You know what it’s like – some days you don’t want to go to work, and would rather hang out with friends or retire to the sofa and binge-watch something on Netflix.
Believe it or not, horses are not unlike humans in that regard – and sometimes they simply don’t want to go racing.
That can manifest itself in a number of different ways – maybe they’ll refuse to race altogether, creating havoc in the paddock or on the start line. Other times, they will simply refuse to jump a particular fence… leaving their jockey with the unenviable task of riding them back to the stables before declaring ‘he/she didn’t fancy it today.’
Here’s everything you need to know about refusals in horse racing – and what that can mean for your bets.
What Does Refusal Mean in Horse Racing?
As mentioned, there are a few different scenarios relating to a refusal in horse racing.
Starting at the beginning, a horse can simply refuse to race. It won’t stay still long enough at the start line to enter the action, or it may try to throw its jockey off. Some racehorses really don’t get along that well with their four-legged counterparts either, and it’s not uncommon for a horse to kick out at – or even bite – a fellow runner.
Perhaps the most common refusal in horse racing is when an animal refuses to be loaded into the starting stalls. These are commonly used in flat races in the UK and Ireland, and especially for shorter, sprint contests, to ensure that all runners get a fair and level start. However, the stalls can freak some horses out – we all get a little claustrophobic from time to time – and they simply do everything in their power not to be loaded.
The third scenario unfolds when the horse refuses to jump a particular fence. This can happen anywhere, anytime, although some racecourses are more notorious for refusals – the Grand National at Aintree, for example, with fences like The Chair and Becher’s Brook sees a comparatively high number of refusals compared to courses with softer or lower obstacles.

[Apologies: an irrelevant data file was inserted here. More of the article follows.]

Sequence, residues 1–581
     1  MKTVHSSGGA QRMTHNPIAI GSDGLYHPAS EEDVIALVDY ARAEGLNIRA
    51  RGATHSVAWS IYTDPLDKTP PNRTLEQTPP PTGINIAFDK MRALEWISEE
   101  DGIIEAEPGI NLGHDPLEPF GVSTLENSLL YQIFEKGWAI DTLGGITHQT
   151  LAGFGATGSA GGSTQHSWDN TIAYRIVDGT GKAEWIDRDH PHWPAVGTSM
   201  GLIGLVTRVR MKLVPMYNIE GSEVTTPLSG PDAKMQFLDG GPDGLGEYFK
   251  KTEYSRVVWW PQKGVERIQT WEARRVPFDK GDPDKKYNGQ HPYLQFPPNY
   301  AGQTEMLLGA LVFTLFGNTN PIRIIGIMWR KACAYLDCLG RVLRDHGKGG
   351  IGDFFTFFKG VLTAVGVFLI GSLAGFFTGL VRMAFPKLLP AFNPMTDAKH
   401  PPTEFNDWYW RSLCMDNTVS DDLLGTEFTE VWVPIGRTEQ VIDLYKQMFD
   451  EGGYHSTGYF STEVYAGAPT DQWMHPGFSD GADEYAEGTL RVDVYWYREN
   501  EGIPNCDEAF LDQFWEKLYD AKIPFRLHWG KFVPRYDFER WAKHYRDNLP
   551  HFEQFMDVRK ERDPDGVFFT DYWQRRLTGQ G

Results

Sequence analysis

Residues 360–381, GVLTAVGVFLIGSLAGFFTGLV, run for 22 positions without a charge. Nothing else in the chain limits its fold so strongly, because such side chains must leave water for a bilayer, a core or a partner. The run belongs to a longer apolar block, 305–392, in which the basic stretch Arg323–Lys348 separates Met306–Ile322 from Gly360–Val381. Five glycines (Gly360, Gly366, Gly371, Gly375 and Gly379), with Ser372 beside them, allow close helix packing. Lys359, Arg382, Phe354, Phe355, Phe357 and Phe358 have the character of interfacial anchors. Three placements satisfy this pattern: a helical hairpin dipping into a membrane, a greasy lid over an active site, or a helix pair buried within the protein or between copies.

How is Refusal Shown on a Horse Racing Card?
If you’ve ever looked at a horse racing card, it can look like somebody’s tipped a tin of Alphabetti Spaghetti on it by mistake.
Each of the letters has their own meaning, and for the context of this article we’re interested in those which refer to the different types of refusal.
- R – The horse refused to jump a fence
- RR – The horse refused to start the race
- LFT (or L) – The horse was left at the start line
To give you an example, here’s a card courtesy of At The Races:
You can see that Kisses for Katie refused (denoted by the ‘R’) in her last start.
What Happens to My Bet If My Horse Refuses?
The key differentiation here is when your horse refuses to race.
If your horse is withdrawn before the field has come under starter’s orders, it is considered a non-runner and your stake will be refunded.
However, if the field has come under starter’s orders, and your horse now refuses to start the race or leave the stalls, this is simply the dreaded ‘RR’ and your bet is settled as a loser.
And, as you may have guessed, if a race is underway and your horse refuses to take a fence, they are essentially disqualified from the action and your bet is also settled as a loss.
For bettors then, refusal is a definite negative in all scenarios.